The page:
Home About Network of subjects Linked subjects heatmap Book indices included Search by subject Search by reference Browse subjects Browse texts

Tiresias: The Ancient Mediterranean Religions Source Database

validated results only / all results

and or

Filtering options: (leave empty for all results)
By author:     
By work:        
By subject:
By additional keyword:       

Results for
Please note: the results are produced through a computerized process which may frequently lead to errors, both in incorrect tagging and in other issues. Please use with caution.
Due to load times, full text fetching is currently attempted for validated results only.
Full texts for Hebrew Bible and rabbinic texts is kindly supplied by Sefaria; for Greek and Latin texts, by Perseus Scaife, for the Quran, by Tanzil.net

For a list of book indices included, see here.

2 results for "daimons"
1. Apuleius, On The God of Socrates, 7 (2nd cent. CE - 2nd cent. CE)  Tagged with subjects: •daimons, rituals to thwart Found in books: Janowitz (2002) 35
2. Porphyry, On Abstinence, 2.37-2.42 (3rd cent. CE - 4th cent. CE)  Tagged with subjects: •daimons, rituals to thwart Found in books: Janowitz (2002) 35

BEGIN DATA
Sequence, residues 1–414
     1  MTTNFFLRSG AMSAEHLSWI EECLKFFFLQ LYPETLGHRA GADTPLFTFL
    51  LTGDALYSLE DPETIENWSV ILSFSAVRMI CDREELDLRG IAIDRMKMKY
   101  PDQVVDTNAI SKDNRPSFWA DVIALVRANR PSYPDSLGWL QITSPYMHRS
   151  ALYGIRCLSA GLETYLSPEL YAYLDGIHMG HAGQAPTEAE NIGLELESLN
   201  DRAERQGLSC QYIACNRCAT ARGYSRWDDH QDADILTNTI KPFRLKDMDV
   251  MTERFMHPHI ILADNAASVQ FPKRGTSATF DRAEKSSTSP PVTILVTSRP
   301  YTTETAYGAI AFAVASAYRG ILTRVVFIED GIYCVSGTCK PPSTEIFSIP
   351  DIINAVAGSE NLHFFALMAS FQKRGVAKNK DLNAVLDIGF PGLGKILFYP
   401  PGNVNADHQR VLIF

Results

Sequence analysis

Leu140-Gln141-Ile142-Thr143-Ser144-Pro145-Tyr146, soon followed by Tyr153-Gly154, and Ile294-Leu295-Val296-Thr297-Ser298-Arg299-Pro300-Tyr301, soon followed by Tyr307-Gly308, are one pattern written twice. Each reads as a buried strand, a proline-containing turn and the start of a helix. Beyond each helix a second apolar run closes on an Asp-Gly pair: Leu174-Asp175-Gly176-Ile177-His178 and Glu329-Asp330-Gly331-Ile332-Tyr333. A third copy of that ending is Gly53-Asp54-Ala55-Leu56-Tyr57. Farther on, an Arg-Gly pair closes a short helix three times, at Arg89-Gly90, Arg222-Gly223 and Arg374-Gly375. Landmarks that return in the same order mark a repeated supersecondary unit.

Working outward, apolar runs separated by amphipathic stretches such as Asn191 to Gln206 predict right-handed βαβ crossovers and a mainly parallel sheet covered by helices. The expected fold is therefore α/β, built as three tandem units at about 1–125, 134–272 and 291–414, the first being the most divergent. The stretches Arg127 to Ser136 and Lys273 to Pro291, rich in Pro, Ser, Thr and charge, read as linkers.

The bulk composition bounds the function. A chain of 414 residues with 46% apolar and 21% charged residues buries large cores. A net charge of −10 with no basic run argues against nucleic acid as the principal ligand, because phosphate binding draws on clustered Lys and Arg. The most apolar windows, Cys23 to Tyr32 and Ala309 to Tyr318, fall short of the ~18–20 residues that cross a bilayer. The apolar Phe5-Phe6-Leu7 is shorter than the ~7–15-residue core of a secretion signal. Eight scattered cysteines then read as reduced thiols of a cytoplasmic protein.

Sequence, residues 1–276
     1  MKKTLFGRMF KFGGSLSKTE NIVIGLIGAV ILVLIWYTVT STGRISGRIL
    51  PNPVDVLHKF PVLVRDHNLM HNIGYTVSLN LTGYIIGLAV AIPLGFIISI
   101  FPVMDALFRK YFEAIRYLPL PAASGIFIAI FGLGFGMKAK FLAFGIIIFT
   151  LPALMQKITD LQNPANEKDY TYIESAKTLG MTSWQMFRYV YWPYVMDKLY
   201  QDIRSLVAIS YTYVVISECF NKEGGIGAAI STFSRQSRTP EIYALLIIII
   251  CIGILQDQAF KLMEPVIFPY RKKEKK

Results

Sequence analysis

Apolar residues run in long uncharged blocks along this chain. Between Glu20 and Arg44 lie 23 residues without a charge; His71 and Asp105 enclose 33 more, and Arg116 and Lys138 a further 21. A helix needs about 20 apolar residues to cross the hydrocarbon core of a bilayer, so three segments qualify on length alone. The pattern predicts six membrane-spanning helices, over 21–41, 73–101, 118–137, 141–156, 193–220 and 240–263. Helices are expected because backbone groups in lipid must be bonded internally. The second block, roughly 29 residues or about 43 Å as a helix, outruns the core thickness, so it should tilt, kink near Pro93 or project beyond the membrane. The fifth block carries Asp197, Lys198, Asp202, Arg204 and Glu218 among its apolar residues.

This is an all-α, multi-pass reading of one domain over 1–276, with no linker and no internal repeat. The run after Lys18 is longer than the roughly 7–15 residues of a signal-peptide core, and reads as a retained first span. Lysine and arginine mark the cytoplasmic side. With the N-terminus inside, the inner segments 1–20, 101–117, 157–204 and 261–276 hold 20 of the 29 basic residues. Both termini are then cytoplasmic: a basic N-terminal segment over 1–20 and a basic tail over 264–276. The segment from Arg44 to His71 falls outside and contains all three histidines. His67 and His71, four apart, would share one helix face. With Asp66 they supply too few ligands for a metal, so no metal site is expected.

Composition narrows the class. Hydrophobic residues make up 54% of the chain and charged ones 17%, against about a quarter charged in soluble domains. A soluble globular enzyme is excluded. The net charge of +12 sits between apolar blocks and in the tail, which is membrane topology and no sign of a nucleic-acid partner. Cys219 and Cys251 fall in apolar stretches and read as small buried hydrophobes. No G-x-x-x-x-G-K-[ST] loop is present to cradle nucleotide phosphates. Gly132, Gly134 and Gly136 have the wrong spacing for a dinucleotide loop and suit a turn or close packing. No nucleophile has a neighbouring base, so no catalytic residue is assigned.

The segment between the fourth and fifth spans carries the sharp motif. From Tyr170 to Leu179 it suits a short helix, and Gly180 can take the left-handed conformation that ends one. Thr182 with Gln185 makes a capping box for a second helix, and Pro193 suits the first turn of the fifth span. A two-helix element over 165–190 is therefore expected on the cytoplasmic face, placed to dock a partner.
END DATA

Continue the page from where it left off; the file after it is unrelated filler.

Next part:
2.37. 37.The first God being incorporeal, immoveable, and impartible, and neither subsisting in any thing, nor restrained in his energies, is not, as has been before observed, in want of any thing external to himself, as neither is the soul of the world; but this latter, containing in itself the principle of that which is triply divisible, and being naturally self-motive, is adapted to be moved in a beautiful and orderly manner, and also to move the body of the world, according to the most excellent reasons [i.e. productive principles or powers]. It is, however, connected with and comprehends body, though it is itself incorporeal, and liberated from the participation of any passion. To the remaining Gods, therefore, to the world, to the inerratic and erratic stars, who are visible Gods, consisting of soul and body, thanks are to be returned after the above-mentioned manner, through sacrifices from iimate natures. The multitude, therefore, of those invisible beings remains for us, whom Plato indiscriminately calls daemons 17; but of these, some being denominated by men, obtain from them honours, and other religious observances, similar to those which are paid to the Gods; but others, who for the most part are not explicitly denominated, receive an occult religious reverence and appellation from certain persons in villages and certain cities; and the remaining multitude is called in common by the |67 name of daemons. The general persuasion, however, respecting all these invisible beings, is this, that if they become angry through being neglected, and deprived of the religious reverence which is due to them, they are noxious to those by whom they are thus neglected, and that they again become beneficent, if they are appeased by prayers, supplications, and sacrifices, and other similar rites. SPAN 2.38. 38.But the confused notion which is formed of these beings, and which has proceeded to great crimination, necessarily requires that the nature of them should be distinguished according to reason. For perhaps it will be said, that it is requisite to show whence the error concerning them originated among men. The distinction, therefore, must be made after the following manner. Such souls as are the progeny of the whole soul of the universe, and who govern the great parts of the region under the moon, these, being incumbent on a pneumatic substance or spirit, and ruling over it conformably to reason, are to be considered as good daemons, who are diligently employed in causing every thing to be beneficial to the subjects of their government, whether they preside over certain animals, or fruits, which are arranged under their inspective care, or over things which subsist for the sake of these, such as showers of rain, moderate winds, serene weather, and other things which co-operate with these, such as the good temperament of the seasons of the year. They are also our leaders in the attainment of music, and the whole of erudition, and likewise of medicine and gymnastic, and of every thing else similar to these. For it is impossible that these daemons should impart utility, and yet become, in the very same things, the causes of what is detrimental. Among these two, those transporters, as Plato calls them, [in his Banquet] are to be enumerated, who announce the affairs of men to the Gods, and the will of the Gods to men; carrying our prayers, indeed, to the Gods as judges, but oracularly unfolding to us the exhortations and admonitions of the Gods. But such souls as do not rule over the pneumatic substance with which they are connected, but for the most part are vanquished by it; these are vehemently agitated and borne along [in a disorderly manner,] when the irascible motions and the desires of the pneumatic substance, received an impetus. These souls, therefore, are indeed daemons, but are deservedly called malefic daemons. SPAN 2.39. 39.All these being, likewise, and those who possess a contrary power, are invisible, and perfectly imperceptible by human senses; for they are not surrounded with a solid body, nor are all of them of one form, but they are fashioned in numerous figures. The forms, however, which |68 characterize their pneumatic substance, at one time become apparent, but at another are invisible. Sometimes also those that are malefic, change their forms; but the pneumatic substance, so far as it is corporeal, is passive and corruptible: and though, because it is thus bound by the souls [that are incumbent on it,] the form of it remains for a long time, yet it is not eternal. For it is probable that something continually flows from it, and also that it is nourished. The pneumatic substance, therefore, of good daemons, possesses symmetry, in the same manner as the bodies of the visible Gods; but the spirit of malefic dsemons is deprived of symmetry, and in consequence of its abounding in passivity, they are distributed about the terrestrial region. Hence, there is no evil which they do not attempt to effect; for, in short, being violent and fraudulent in their manners, and being also deprived of the guardian care of more excellent dsemons, they make, for the most part, vehement and sudden attacks; sometimes endeavouring to conceal their incursions, but at other times assaulting openly. Hence the molestations which are produced by them are rapid; but the remedies and corrections which proceed from more excellent dsemons, appear to be more slowly effected: for every thing which is good being tractable and equable, proceeds in an orderly manner, and does not pass beyond what is fit. By forming this opinion, therefore, you will never fall into that most absurd notion, that evil may be expected from the good, or good from the evil. For this notion is not truly attended with absurdity, but the multitude, receiving through it the most erroneous conceptions of the Gods, disseminate them among the rest of mankind. SPAN 2.40. 40.It must be admitted, therefore, that one of the greatest injuries occasioned by malefic dsemons is this, that though they are the causes of the calamities which take place upon the earth, such as pestilence, sterility, earthquakes, excessive dryness, and the like, yet they endeavour to persuade us, that they are the causes of things the most contrary to these, viz. of fertility, [salubrity, and elementary peace.] Hence, they exonerate themselves from blame, and, in the first place, endeavour to avoid being detected as the sources of injury; and, in the next place, they convert us to supplications and sacrifices to the beneficent Gods, as if they were angry. But they effect these, and things of a similar nature, in consequence of wishing to turn us from right conceptions of the Gods, and convert us to themselves; for they are delighted with all such as act thus incongruously and discordantly, and, as it were, assuming the persons of other Gods, they enjoy the effects of our imprudence and folly; conciliating to themselves the good opinion of the vulgar, by inflaming the minds of men with the love of riches, power, and pleasure, |69 and fulling them with the desire of vain glory, from which sedition, and war, and other things allied to these, are produced. But that which is the most dire of all things, they proceed still farther, and persuade men that similar things are effected by the greatest Gods, and do not stop till they even subject the most excellent of the divinities to these calumnies, through whom they say every thing is in perfect confusion. And not only the vulgar are affected in this manner, but not a few also of those who are conversant with philosophy. The cause of this, however, extends equally to philosophers, and the vulgar; for of philosophers, those who do not depart from the prevailing notions, fall into the same error with the multitude; and again, the multitude, on hearing assertions from celebrated men conformable to their own opinions, are in a greater degree corroborated in conceiving things of this kind of the Gods. SPAN 2.41. 41.For poetry also inflames the opinions of men, by employing a diction adapted to produce astonishment and enchantment, and not only allures the ears, but is also capable of procuring belief in things that are most impossible. At the same time, however, it is requisite to be firmly persuaded, that what is good can never injure, or what is evil can never be beneficial; for, as Plato says, it is not the province of heat to refrigerate, but of that which is contrary to heat; and, in like manner, neither is it the province of that which is just to injure. But divinity is naturally the most just of all things; since otherwise he would not be divinity. Hence this power and portion of good is not to be abscinded from beneficent daemons; for the power which is naturally adapted, and wishes to injure, is contrary to the power which is beneficent: but contraries can never subsist about the same thing. As malefic daemons, therefore, injure the mortal race in many respects, and sometimes in things of the greatest consequence, good daemons not only never cease to act conformably to their office, but also, as much as possible, presignify to us the dangers which are impendent from malefic daemons, unfolding these through dreams, through a divinely inspired soul, and through many other things; so that he who is capable of explaining what is signified, may know and avoid all the perils with which he is threatened. For they indicate [future events] to all men, but every one cannot understand what they indicate nor is every one able to read what is written by them; but he alone is able to do this, who has learnt their letters. All enchantment, however, [or witchcraft,] is effected through daemons of a contrary nature; for those who perpetrate evil through enchantments, especially venerate these malefic beings, and the power that presides over them. |70 SPAN 2.42. 42.For they are full of every kind of imagination, and are sufficiently qualified to deceive, through effects of a prodigious nature; and through these, unhappy men procure philtres, and amatory allurements. For all intemperance, and hope of possessing wealth and renown, and especially deception, exist through these, since falsehood is allied to these malevolent beings; for they wish to he considered as Gods, and the power which presides over them is ambitious to appear to be the greatest God. These are they that rejoice in libations, and the savour of sacrifices, through which their pneumatic vehicle is fattened; for this vehicle lives through vapours and exhalations, and the life of it is various through various exhalations. It is likewise corroborated by the savour of blood and flesh. SPAN